In September 2007, Irvine police finally followed up on Danielle’s and Carla’s complaints, and after working out a plea deal that avoided a jury trial, Monteilh went to jail for conning the two women out of more than $150,000. Although he could have spent more than five years behind bars, prosecutors agreed to lower his sentence to 16 months, of which Monteilh served only eight. The district attorney’s office refused to comment on Monteilh’s claim that he received a reduced sentence after the FBI intervened on his behalf. “We formulated the state prison sentence based upon the amount of theft and the facts and circumstances and proof in the case,” says DA spokeswoman Susan Kang Schroeder. “That’s all we’re going to say about it.”

His victims aren’t being so quiet, especially when it comes to the question of whether the FBI should believe anything Monteilh told them while working as an informant. “When I read about the mosque thing, I couldn’t believe it,” recalls Carla. “His con would be to convert [to Islam], con the Muslims into believing him, and con the FBI out of their money. That’s what he does.”

Danielle agrees. “It would not surprise me if he bullshitted the FBI,” she says. “‘I’m going to prevent another 9/11! Give me your money, and I’ll do that.’ Shame on them for believing him.”

Craig Monteilh in Muslim-convert drag
John Gilhooley
Craig Monteilh in Muslim-convert drag
Danielle was taken in by Monteilh's HGH scam—for which he eventually served time
John Gilhooley
Danielle was taken in by Monteilh's HGH scam—for which he eventually served time

Not surprisingly, in Monteilh’s version of events, he’s both the victim and the hero of this story. He’s preparing a breach-of-contract lawsuit against the FBI. “They allowed Irvine P.D. to arrest me,” he says. “They didn’t live up to the exit strategy. I still have a restraining order against me, and if I violate it, I go back to prison for three months. Does that sound to you like the FBI lived up to its end of the bargain?”

If Monteilh is angry at the FBI, he’s certainly not alone. “The fact that the sanctity of our mosques has been totally violated shows the total disrespect the FBI has toward Muslims,” says CAIR’s Ayloush. “For the past eight years, CAIR and other groups have been engaged in a campaign to build a relationship with the FBI, and at the same time, their instigator was trying to get innocent Muslims to become terrorists. We feel like we were stabbed with a huge dagger in the back.”

Shortly before President George W. Bush left office, the FBI broke off its relationship with CAIR, citing the fact the group was named as an unindicted co-conspirator in a case against the Holy Land Foundation, which was convicted in November 2008 of funneling cash to Hamas. The FBI’s decision rankled Tareef Nashashibi, former chairman of the Orange County Arab American Republican Club, which has been active in helping to advise the FBI on its relationship with Muslim Americans. “I wasn’t happy with that,” Nashashibi says. “But what really bugs me is all the trouble coming out of the Orange County office. We saw a threat [Monteilh] and automatically called the police and the FBI, as good citizens should do. And guess what? Our people are getting prosecuted for it. We are doing the best we can to safeguard this country, and we get shot in the foot for it.”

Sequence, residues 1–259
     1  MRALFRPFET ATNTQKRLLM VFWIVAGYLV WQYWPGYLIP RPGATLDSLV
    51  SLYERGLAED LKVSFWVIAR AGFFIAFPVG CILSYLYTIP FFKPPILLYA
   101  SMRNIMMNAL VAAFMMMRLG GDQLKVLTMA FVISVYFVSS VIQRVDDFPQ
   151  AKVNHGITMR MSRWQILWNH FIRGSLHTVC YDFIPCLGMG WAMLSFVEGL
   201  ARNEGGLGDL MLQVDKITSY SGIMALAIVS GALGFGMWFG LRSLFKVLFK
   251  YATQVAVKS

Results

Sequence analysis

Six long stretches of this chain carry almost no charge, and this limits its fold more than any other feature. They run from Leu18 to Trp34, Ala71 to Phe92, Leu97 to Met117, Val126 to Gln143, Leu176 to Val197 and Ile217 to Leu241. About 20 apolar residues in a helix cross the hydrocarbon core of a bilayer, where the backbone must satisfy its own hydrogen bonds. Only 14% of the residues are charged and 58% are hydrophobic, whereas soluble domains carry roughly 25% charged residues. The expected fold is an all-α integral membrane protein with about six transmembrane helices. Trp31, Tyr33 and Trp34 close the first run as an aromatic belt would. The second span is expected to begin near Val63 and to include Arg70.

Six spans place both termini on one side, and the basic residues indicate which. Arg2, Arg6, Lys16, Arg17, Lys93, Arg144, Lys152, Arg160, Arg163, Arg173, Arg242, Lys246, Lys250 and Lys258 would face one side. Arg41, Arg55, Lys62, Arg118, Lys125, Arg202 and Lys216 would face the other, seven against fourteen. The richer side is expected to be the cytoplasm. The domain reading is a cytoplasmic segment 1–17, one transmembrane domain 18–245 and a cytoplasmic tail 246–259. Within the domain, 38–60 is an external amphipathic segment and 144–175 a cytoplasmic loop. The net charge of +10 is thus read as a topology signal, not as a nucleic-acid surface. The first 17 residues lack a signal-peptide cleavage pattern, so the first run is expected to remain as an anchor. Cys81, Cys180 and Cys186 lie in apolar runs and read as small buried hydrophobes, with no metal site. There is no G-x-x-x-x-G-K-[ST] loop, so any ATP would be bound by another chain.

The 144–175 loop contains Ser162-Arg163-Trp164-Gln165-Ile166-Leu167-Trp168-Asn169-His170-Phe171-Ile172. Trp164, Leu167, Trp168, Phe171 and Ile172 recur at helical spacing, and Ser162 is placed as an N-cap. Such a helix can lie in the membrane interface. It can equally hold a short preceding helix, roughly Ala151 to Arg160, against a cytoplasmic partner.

Nobody is less surprised that the FBI supposedly used Monteilh to spy on mosques than Shakeel Syed, executive director of the Islamic Shura Council of Southern California. “This has reinforced our suspicions and fears all along that we carried,” he says. In May 2006, just before the FBI’s Tidwell insisted the bureau would never spy on mosques, Syed and several other Muslim leaders filed a Freedom of Information Act (FOIA) request with the FBI, demanding records of any surveillance operations against them. When the FBI handed over only 50 pages of heavily redacted material, the ACLU filed a lawsuit and ultimately won hundreds of pages—most of them blacked-out—showing that the FBI had indeed been monitoring them. The FBI continues to withhold numerous records on national-security grounds, but on April 20, a federal judge ordered the FBI to hand over those records.

According to Monteilh, Syed’s FOIA request could turn up quite a scandal. Although he refused to elaborate, he claims the FBI wasn’t just spying on mosques. “This is way bigger than that,” he says. “If you think this was racial profiling, you haven’t even heard the beginning.” When asked why the FBI hasn’t arrested anyone other than Niazi if he really thwarted a terrorist plot, Monteilh insists that the FBI is just biding its time for the controversy over his infiltration of the mosques to blow over. “With all that is going on now, maybe it’s best to hold on,” he says. “When they start arresting people, who’s going to be the hero?”

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